# State Machines as Functors

I'm looking for more examples of the following model of state machines:

in David Spivak's book on category theory, he gives in section 3.1.2.10 and in application 4.3.1.9, a description of a finite state machine in terms of category theory. The basic definition is that you fix an alphabet $$\Sigma$$ and take the list monoid $$\mathcal{M} := (list(\Sigma), ++, [])$$, then describe the state machine as a functor $$X : \mathcal{M} \to \mathsf{Set}$$. Given two state machines $$X$$ and $$Y$$ (described as functors), you can talk about "refinement" via natural transformations $$\alpha : X \Rightarrow Y$$. The story seems to end here.

This is an interesting model of state machines. I've never seen it before, and I am having trouble finding similar descriptions of state machines. I would like to see how far it has been (can be?) extended. E.g., talk about things like bisimulations, language acceptance, turing machines, computability, etc. Does anyone have more sources?

• This is cool. One thing I thought up related to this is that you can define commutativity of diagrams that aren't necessarily DAG. When a loop is present you'd treat it as a DFA. The strings accepted starting in state $X$ and accepting in state $Y$ are composition paths: $f\circ g \circ h \equiv fgh$ so very string-like. Anyway, the language between those two nodes is a language of morphisms, and each one of them are equal. In other words, this generalizes commutativity to a wider range of diagram functors. Commented Jun 25, 2023 at 4:50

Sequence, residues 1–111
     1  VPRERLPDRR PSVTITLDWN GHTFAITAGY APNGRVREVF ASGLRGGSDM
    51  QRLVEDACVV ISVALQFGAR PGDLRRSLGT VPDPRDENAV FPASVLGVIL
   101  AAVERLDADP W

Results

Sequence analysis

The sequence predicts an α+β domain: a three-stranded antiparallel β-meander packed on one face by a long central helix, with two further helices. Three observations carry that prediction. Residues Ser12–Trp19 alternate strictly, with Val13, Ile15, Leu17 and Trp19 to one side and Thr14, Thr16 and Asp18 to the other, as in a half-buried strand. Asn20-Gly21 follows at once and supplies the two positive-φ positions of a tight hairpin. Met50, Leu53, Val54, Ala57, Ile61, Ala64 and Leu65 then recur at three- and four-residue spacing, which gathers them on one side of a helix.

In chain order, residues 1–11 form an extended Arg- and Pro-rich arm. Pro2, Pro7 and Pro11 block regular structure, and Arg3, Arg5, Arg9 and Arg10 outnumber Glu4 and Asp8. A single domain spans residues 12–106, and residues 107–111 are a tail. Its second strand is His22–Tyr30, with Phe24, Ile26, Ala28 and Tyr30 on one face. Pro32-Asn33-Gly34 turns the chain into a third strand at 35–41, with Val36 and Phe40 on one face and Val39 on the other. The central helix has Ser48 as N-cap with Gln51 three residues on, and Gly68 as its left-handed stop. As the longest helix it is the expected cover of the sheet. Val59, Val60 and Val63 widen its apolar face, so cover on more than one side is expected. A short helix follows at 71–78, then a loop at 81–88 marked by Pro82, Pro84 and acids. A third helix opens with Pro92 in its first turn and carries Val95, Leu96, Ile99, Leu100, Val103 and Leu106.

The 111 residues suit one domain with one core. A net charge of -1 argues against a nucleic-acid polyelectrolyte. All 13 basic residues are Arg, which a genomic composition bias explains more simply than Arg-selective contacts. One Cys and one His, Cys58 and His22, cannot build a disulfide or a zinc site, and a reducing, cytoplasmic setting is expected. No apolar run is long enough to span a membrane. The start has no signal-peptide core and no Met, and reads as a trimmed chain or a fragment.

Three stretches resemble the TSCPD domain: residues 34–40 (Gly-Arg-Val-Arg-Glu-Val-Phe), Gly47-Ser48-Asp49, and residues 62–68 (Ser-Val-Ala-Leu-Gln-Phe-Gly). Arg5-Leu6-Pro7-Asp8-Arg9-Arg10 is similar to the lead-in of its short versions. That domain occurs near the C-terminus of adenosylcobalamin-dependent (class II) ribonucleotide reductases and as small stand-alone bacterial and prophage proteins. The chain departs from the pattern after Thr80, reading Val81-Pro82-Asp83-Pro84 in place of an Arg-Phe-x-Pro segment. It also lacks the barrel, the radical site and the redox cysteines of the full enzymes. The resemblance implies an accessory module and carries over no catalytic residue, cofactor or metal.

A very similar construction/viewpoint has been recently studied by Colcombet and Petrişan in [CP20]. They see a deterministic finite automaton as a functor $$\mathcal{A} \colon \mathcal{I} \to \mathsf{Set}$$ where $$\mathcal{I}$$ is the category induced by the three objects $$\textsf{initial}$$, $$\textsf{states}$$ and $$\textsf{accept}$$, whose morphisms are generated by:

• a morphism $$i\colon \textsf{init} \to \textsf{states}$$,
• a morphism $$f\colon \textsf{states} \to \textsf{accept}$$, and
• for each letter $$a\in\Sigma$$, a morphism $$a\colon \textsf{states} \to \textsf{states}$$.

Moreover, they add the restriction that $$\mathcal{A}(\textsf{init})$$ has cardinality 1, and $$\mathcal{A}(\textsf{final})$$ has cardinality 2. This construction is based exactly on the same idea as the one in David Spivak's book, except that his construction cannot specify initial states and final states.

One thing that is quite pleasant with this approach is that you can obtain other classical automata models by changing the category used in the codomain of $$\mathcal{A}$$ (and the constraints on $$\mathcal{A}(\textsf{init})$$ and $$\mathcal{A}(\textsf{final})$$). For instance, non-deterministic automata are obtained by considering the category $$\mathsf{Rel}$$, and weighted-automata over a field $$\mathbb{K}$$ by taking the category of $$\mathbb{K}$$-vector spaces.

A soft introduction to [CP20] can be found in [slides by Petrişan] starting from page 21. However, I do not know of any work modelling a Turing machine (or a machine with the ability to write) using the framework of category theory.